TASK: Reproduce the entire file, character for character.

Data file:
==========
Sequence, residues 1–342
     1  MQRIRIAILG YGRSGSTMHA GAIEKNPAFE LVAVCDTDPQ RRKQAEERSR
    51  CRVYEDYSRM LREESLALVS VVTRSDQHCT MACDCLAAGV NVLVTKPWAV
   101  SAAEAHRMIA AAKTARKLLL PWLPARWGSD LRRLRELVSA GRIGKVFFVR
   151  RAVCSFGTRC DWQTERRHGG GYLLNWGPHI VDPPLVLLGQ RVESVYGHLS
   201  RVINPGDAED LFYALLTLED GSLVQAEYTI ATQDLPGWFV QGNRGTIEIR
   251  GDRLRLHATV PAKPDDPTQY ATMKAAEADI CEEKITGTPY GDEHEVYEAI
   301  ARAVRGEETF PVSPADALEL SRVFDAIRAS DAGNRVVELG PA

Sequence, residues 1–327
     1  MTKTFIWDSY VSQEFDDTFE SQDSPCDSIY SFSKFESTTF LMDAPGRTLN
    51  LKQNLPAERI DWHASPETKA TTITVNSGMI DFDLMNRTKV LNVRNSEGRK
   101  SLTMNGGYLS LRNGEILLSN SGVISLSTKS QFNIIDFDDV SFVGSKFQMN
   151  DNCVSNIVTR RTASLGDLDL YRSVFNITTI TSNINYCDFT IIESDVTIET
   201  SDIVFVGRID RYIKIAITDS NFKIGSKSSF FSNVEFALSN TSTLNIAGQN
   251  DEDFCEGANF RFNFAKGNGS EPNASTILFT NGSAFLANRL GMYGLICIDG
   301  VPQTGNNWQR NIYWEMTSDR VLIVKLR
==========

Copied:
Sequence, residues 1–342
     1  MQRIRIAILG YGRSGSTMHA GAIEKNPAFE LVAVCDTDPQ RRKQAEERSR
    51  CRVYEDYSRM LREESLALVS VVTRSDQHCT MACDCLAAGV NVLVTKPWAV
   101  SAAEAHRMIA AAKTARKLLL PWLPARWGSD LRRLRELVSA GRIGKVFFVR
   151  RAVCSFGTRC DWQTERRHGG GYLLNWGPHI VDPPLVLLGQ RVESVYGHLS
   201  RVINPGDAED LFYALLTLED GSLVQAEYTI ATQDLPGWFV QGNRGTIEIR
   251  GDRLRLHATV PAKPDDPTQY ATMKAAEADI CEEKITGTPY GDEHEVYEAI
   301  ARAVRGEETF PVSPADALEL SRVFDAIRAS DAGNRVVELG PA

Sequence, residues 1–327
     1  MTKTFIWDSY VSQEFDDTFE SQDSPCDSIY SFSKFESTTF LMDAPGRTLN
    51  LKQNLPAERI DWHASPETKA TTITVNSGMI DFDLMNRTKV LNVRNSEGRK
   101  SLTMNGGYLS LRNGEILLSN SGVISLSTKS QFNIIDFDDV SFVGSKFQMN
   151  DNCVSNIVTR RTASLGDLDL YRSVFNITTI TSNINYCDFT IIESDVTIET
   201  SDIVFVGRID RYIKIAITDS NFKIGSKSSF FSNVEFALSN TSTLNIAGQN
   251  DEDFCEGANF RFNFAKGNGS EPNASTILFT NGSAFLANRL GMYGLICIDG
   301  VPQTGNNWQR NIYWEMTSDR VLIVKLR